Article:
Monthly Archives: September 2016

Data Journalism

Helloweeni Peeps!

High School.  Hate it or love it, we all share hate for at least one of the “top three things to hate about school”.  What are these three things?  The principal, bullies and a bitch called MATHS.  See, I love journalism, but one of the reasons I chose to study this field was to get as far away from mathematics as possible.  But I ended up meeting her evil twin sister, DATA JOURNALISM.

Let’s Talk Numbers


Business Baby – Let’s talk numbers Image:

Data journalism is asking questions of numbers or proving something that you know is happening and is probably widespread, through numbers.  Data journalism may have a lot to do with maths, but it’s mainly about quantitative research.  But it still sounds kind of boring, doesn’t it?  How would one turn a set of dull numbers and spreadsheets into a fascinating story?  See, numbers never lie; the story behind the numbers also extends far deep than just provided stats without a backstory or questions aroused.  For instance, the government says that X percent of of the youth are unemployed and that the numbers have increased over the last five years.  Questions like “How do they measure this?” or “Which specific race is mostly affected?” and “What age range does their definition of youth fall within?” will fatten up your story. And also the changing of measurements of unemployment over the years, meaning that the claim that it has risen over the past five years could be a distortion?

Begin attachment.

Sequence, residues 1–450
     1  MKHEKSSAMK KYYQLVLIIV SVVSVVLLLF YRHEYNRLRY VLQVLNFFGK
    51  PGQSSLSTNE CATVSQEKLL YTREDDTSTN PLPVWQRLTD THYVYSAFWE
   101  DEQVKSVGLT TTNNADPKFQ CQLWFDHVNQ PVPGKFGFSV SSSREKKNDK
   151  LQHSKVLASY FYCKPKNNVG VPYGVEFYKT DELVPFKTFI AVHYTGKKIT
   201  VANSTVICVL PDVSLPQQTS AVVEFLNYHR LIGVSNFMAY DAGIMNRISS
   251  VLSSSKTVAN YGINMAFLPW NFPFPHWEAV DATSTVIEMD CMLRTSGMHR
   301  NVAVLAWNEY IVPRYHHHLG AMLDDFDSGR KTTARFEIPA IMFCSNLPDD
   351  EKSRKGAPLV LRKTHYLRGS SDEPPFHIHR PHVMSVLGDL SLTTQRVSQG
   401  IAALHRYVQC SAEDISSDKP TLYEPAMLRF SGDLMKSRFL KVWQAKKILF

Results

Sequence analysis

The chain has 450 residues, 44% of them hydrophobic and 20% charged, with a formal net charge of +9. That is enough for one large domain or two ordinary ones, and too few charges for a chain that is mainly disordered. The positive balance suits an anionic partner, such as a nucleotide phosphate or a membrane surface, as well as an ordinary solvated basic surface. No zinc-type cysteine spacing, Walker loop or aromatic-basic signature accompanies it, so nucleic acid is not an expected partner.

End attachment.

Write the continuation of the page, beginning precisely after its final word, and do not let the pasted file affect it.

Transparency is the building block of a democratic society.  However, the past few years have seen increased efforts by governments and open-data campaigners to make information available to citizens.  There has been a proliferation of data sets, statistics and portals to those data sets.  While many important data and information are still off limits to citizens, the starting point for any journalist should be the acknowledgement that “data is everywhere”. Government agencies, private companies, nonprofits and think tanks all collect data and produce statistics, and most of the information is now stored electronically.  Ever asked yourself whenever you fill in a form or tick a box, where does that information go?  We create and/or collect data everywhere and everyday, so data journalism is sort of there to ensure data is not collected in vain and to be transparent on the improvements or evolution we are making as a society.

SRC Elections Voter Turnout


Graphic: JOHN McCANN; Data source: UNIVERSITIES

University student elections are an annually exciting experience, and one where the government like to measure how successful they have been and where they are lacking in terms of getting the youth involved in the democratic election process.  Statistics like that provided on the picture above, are needed to inform us of the voter turnout for SRC elections so statisticians can predict how many of the youth might go vote for government election in future.

For once I wrote about something not a threat to journalism whatsoever. There’s hope for journalists after all!  We need not be afraid of number, for no one can deny the factual statistics they may provide.  Mathematics might be scary, but Data Journalism will put whatever scares you may have to bed as numbers do not lie.

For more information on the subject of Data Journalism, check out this video:


‘Till Next Time Peeps, BHA-BHAYINI!

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Posted by on September 27, 2016 in Uncategorized


ROBOT JOURNALISM: What Does It Mean For The Industry?

Helloweeni Peeps!